The whitetail deer does around the house are still able to walk around in the snow without too much difficulty. The snow is not quite to their bellies, is light and there is no crust. The deer went into winter in good condition – courtesy of that mild autumn – and barring another big dump of snow soon – as well as a normal ‘end’ to winter around the first of April, should get through OK. A rule of thumb is 50 days of 50 cm of snow and there will be significant deer mortality. Not quite there yet and what is there can be expected to settle several centimeters over the next few days. No major snowfalls forecast for the immediate future.

The wolves have not been around for several days. However, where we went ice fishing for lake trout on New Year’s Day, we saw that there had been 4 or 5 of them out on the ice the previous night.  Given where we were fishing isn’t all that far from home as the crow flies, that’s where the missing wolves might be. With deer numbers way down from previous years, this could be the winter that finally brings wolf numbers down, too.

It’s interesting that once the snow comes, the ruffed grouse seem to almost disappear. I suspect they feed voraciously on buds in tree tops (such as white birch) at dawn or dusk, fill up their crops and then spend days roosting in either the snow or thick conifers, until their food source is exhausted. Then the cycle is repeated. I recall one winter seeing where a grouse had plunged into the snow and stayed there for several days (I saw the plunge hole and recognized it for what it was). By week’s end, I thought maybe it had perished, but when I went to check, the bird burst out of the snow at my feet, startling me, of course, as they are wont to do.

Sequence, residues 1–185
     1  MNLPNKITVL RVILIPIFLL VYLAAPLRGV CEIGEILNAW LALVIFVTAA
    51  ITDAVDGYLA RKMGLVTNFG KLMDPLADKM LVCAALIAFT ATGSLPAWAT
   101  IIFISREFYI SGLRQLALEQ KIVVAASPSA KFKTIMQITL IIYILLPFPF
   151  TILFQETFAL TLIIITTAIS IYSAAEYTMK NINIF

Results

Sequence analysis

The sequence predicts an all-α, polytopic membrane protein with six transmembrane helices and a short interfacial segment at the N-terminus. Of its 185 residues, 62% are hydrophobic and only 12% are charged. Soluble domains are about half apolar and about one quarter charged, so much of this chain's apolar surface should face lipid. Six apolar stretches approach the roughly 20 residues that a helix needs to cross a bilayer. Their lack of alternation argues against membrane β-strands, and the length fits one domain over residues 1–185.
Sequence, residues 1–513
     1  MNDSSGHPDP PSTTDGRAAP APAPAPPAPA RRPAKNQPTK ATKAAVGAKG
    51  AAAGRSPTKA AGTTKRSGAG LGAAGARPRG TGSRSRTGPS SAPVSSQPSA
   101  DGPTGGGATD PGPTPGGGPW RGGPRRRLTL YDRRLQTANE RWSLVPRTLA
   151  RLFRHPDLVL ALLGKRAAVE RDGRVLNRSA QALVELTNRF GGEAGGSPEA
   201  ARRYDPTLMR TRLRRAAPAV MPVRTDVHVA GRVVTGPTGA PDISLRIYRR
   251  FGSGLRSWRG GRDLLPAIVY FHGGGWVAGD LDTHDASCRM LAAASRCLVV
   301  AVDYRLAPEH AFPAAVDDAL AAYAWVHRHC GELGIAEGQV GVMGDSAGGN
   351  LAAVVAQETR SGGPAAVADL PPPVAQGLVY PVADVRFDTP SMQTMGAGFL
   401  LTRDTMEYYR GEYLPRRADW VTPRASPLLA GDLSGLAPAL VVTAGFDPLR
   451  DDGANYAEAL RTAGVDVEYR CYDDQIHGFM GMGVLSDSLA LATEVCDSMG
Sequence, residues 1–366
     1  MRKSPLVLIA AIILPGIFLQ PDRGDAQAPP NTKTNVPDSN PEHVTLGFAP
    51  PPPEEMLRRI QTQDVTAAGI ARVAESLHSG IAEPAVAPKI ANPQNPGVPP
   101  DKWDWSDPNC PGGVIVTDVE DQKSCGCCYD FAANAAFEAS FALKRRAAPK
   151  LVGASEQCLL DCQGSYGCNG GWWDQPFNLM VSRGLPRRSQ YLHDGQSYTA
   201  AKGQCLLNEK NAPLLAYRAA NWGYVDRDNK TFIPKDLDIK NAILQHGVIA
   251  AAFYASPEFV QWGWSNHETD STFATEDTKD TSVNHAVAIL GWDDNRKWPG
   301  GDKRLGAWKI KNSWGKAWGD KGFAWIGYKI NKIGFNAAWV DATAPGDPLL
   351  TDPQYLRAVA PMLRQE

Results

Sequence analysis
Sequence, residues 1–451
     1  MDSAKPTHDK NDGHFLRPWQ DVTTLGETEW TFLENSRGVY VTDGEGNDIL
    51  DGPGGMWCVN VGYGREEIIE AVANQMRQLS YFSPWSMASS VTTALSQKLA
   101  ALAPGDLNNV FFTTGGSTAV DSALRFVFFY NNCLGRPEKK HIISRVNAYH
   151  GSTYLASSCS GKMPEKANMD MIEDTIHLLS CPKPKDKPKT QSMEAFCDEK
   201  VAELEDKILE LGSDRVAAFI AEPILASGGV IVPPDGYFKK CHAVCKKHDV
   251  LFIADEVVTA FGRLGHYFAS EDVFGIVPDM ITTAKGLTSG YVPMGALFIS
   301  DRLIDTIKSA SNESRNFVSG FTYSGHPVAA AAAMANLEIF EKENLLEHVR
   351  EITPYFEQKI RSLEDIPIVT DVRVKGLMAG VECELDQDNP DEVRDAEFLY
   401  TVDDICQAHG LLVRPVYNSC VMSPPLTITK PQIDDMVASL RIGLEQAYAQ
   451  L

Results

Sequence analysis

It looks right now that most of Canada is experiencing cold and snow. Even Lala land in Vancouver, British Columbia, has snow and ice on the ground. Many Vancouverites are ill prepared for snow and cold and many don’t even own a snow shovel. I’m sure the carbon tax will help people cope.

There is no getting around the fact that winter is hard on wildlife. Of course, some species are adapted to it, but in areas with regular, harsh winters, the abundance and diversity of species is a pale shadow of what thrives in warmer climes. The winter of 2013-14 in much of the country, including where I live, was horrendously long, cold and snowy, and wreaked havoc on the local deer population. It didn’t do our struggling, reintroduced elk population any favours either. Pat Karns, a former and now departed wildlife biologist in Minnesota, once wrote a paper ‘Winter: the Grim Reaper’, outlining how winter, more than any other factor, was responsible for deer dynamics on northern ranges.

It’s a classic and a ‘must read’ for wildlife biologists and nature enthusiasts alike.